PHP Constants

In this article, you will learn about PHP constants, how they are created and their use in applications.

php constants

What is Constant in PHP?
Differences between constants and variables
Valid and invalid constant names
PHP Magic Constants

PHP Constants: Definition

What is Constant in PHP?

A constant is a name or an identifier for a fixed value. Constants are like variables, except that once they are defined, they cannot be undefined or changed (except magic constants).

Valid constants name starts with a letter or underscores without a $ sign before its name. If you have defined a constant, it can never be changed or undefined.

Constants are very useful for storing data that doesn’t change while the script is running. Common examples of such data include configuration settings such as database username and password, website’s base URL, company name, etc.

How to define a PHP constant?

To create constants, use the define() function. As indicated by the name, this function will return the value of the constant.       


define(name, value, case-insensitive)

Here, the name is the identifier for the constant which can be used anywhere in the script, value is the content that it will hold and case-insensitive specifies whether or not the constant will be case sensitive or not. By default, it is false.


   define("max", 100);

   echo max; //this will output 100


PHP Constants vs PHP Variables

  • Constants can’t be changed

The primary difference between a PHP constant and a PHP variable is that you can change the value of a static variable, but you can’t with the constants. 

  • Naming convention

There is no need to write a dollar sign ($) before a constant, whereas while declaring variable one has to write a dollar sign. 

  • Constants are global

Constants may be defined and accessed anywhere without regard to variable scoping rules. Constants are automatically global and can be used across the entire script.


Valid and invalid PHP constant names

// Valid constant name

define("ONE",     "first thing");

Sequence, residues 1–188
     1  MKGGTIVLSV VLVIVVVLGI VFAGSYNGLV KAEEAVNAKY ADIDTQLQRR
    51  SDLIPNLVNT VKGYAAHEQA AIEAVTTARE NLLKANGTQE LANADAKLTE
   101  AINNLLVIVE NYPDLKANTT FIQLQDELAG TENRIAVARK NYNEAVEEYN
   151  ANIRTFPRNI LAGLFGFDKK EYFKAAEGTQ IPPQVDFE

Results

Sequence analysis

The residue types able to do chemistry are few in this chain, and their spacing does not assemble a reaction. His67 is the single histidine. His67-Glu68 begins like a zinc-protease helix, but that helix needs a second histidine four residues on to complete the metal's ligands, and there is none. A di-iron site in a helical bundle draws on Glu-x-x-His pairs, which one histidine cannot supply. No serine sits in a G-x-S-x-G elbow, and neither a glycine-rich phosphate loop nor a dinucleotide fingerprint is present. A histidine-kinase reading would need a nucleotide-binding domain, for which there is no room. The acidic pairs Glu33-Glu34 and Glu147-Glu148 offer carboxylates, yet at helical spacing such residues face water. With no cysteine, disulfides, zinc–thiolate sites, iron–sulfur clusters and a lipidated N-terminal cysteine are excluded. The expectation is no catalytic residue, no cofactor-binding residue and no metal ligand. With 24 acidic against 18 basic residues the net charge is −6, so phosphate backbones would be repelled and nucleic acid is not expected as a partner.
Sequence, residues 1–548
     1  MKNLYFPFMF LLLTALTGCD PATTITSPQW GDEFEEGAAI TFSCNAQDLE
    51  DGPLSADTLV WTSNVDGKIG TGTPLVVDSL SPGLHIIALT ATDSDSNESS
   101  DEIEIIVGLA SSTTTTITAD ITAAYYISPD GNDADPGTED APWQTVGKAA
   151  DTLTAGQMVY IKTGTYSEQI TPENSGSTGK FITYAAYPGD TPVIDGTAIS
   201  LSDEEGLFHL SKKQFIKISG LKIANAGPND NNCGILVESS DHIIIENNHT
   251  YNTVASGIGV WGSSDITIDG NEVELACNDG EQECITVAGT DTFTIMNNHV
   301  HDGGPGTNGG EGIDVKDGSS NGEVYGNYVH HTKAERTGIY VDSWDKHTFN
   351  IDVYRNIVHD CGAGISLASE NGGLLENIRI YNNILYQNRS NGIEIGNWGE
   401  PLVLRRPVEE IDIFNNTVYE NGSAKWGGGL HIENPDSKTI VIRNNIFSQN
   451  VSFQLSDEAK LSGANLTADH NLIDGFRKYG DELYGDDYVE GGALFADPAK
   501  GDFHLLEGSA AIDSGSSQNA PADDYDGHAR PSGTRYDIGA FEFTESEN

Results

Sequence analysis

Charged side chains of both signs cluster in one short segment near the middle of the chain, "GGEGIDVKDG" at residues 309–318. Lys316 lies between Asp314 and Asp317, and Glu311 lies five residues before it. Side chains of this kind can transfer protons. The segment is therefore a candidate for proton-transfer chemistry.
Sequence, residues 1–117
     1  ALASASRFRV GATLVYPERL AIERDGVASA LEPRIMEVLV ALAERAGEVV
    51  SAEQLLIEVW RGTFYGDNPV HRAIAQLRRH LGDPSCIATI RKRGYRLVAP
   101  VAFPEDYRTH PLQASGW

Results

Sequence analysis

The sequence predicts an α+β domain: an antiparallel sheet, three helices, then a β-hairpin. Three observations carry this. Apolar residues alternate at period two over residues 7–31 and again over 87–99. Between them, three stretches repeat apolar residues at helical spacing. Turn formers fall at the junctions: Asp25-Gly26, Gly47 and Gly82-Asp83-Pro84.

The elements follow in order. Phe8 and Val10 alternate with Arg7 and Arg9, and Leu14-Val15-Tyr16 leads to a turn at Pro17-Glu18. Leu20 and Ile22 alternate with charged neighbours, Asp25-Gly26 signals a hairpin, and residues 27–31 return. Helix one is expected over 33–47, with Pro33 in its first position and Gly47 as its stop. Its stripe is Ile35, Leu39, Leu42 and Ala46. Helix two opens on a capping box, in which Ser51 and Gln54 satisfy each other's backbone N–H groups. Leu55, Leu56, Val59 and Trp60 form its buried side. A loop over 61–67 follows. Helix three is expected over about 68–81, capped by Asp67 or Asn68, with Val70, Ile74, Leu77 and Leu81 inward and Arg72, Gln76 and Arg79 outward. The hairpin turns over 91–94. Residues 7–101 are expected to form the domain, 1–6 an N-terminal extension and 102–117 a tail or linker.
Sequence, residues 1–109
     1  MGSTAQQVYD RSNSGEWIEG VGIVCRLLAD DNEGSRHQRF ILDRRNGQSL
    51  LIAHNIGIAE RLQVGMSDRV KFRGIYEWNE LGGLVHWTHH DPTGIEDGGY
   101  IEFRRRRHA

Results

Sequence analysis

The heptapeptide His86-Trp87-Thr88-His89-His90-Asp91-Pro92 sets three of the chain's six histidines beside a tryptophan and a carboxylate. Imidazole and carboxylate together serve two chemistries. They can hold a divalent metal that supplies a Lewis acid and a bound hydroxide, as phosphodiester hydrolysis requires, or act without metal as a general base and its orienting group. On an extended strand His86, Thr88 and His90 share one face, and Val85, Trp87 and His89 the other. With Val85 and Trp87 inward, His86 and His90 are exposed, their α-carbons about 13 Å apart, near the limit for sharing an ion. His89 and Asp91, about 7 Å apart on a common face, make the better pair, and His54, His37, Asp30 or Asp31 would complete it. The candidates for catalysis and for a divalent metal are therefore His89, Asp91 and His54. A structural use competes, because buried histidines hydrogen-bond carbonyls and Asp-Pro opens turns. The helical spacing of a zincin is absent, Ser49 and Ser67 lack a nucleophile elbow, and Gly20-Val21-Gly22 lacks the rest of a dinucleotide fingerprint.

define("TWO2",    "second thing");

define("THREE_3", "third thing");


// Invalid constants name

define("2TWO",    "second thing");

define("__THREE__", "third value");

PHP Magic Constants

PHP provides a large number of predefined constants to any script which it runs.

There are five magical constants that change depending on where they are used. 


The __LINE__ t returns the current line number of the file, like this:



echo "Line number " . __LINE__ . "<br>"; 

number " . __LINE__ . "<br>"; __LINE__ . "<br>"; 



Line number 2

Line number 3

Line number 4


It returns full path and filename of the file. If used inside an include, the name of the included file is returned.



 echo "The full path of this file is: " . __FILE__;



// Displays the absolute path of this file


The __FUNCTION__ constant returns the name of the current function.



 function myFunction(){

 echo "The function name is - " . __FUNCTION__; }




The function name is – myFunction


It returns the class name. (Added in PHP 4.3.0) As of PHP 5 these constants return the class name as it was declared (case-sensitive). In PHP 4 its value is always lowercased.



class MyClass


    public function getClassName(){

        return __CLASS__;



$obj = new MyClass();

echo $obj->getClassName();





It returns the class method name. (Added in PHP 5.0.0) The method name is returned as it was declared (case-sensitive).



class Sample


    public function myMethod(){

        echo __METHOD__;



$obj = new Sample();